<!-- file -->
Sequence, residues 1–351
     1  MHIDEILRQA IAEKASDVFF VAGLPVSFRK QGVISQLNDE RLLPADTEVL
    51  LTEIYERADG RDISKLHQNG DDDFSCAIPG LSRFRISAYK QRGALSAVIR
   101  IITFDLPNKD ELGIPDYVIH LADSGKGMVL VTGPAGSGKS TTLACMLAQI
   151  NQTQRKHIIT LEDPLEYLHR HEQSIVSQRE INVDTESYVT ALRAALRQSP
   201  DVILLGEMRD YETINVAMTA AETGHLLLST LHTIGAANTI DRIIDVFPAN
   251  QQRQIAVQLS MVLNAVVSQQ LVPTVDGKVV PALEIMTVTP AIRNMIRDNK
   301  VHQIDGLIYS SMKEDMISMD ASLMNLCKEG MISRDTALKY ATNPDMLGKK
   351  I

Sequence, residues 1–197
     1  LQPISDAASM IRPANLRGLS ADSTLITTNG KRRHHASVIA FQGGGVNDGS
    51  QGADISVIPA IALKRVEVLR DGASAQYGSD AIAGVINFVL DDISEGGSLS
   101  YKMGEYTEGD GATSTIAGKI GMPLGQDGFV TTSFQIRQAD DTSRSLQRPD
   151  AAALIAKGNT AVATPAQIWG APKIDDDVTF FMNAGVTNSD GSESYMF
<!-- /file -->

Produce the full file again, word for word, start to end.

Sequence, residues 1–351
     1  MHIDEILRQA IAEKASDVFF VAGLPVSFRK QGVISQLNDE RLLPADTEVL
    51  LTEIYERADG RDISKLHQNG DDDFSCAIPG LSRFRISAYK QRGALSAVIR
   101  IITFDLPNKD ELGIPDYVIH LADSGKGMVL VTGPAGSGKS TTLACMLAQI
   151  NQTQRKHIIT LEDPLEYLHR HEQSIVSQRE INVDTESYVT ALRAALRQSP
   201  DVILLGEMRD YETINVAMTA AETGHLLLST LHTIGAANTI DRIIDVFPAN
   251  QQRQIAVQLS MVLNAVVSQQ LVPTVDGKVV PALEIMTVTP AIRNMIRDNK
   301  VHQIDGLIYS SMKEDMISMD ASLMNLCKEG MISRDTALKY ATNPDMLGKK
   351  I

Sequence, residues 1–197
     1  LQPISDAASM IRPANLRGLS ADSTLITTNG KRRHHASVIA FQGGGVNDGS
    51  QGADISVIPA IALKRVEVLR DGASAQYGSD AIAGVINFVL DDISEGGSLS
   101  YKMGEYTEGD GATSTIAGKI GMPLGQDGFV TTSFQIRQAD DTSRSLQRPD
   151  AAALIAKGNT AVATPAQIWG APKIDDDVTF FMNAGVTNSD GSESYMF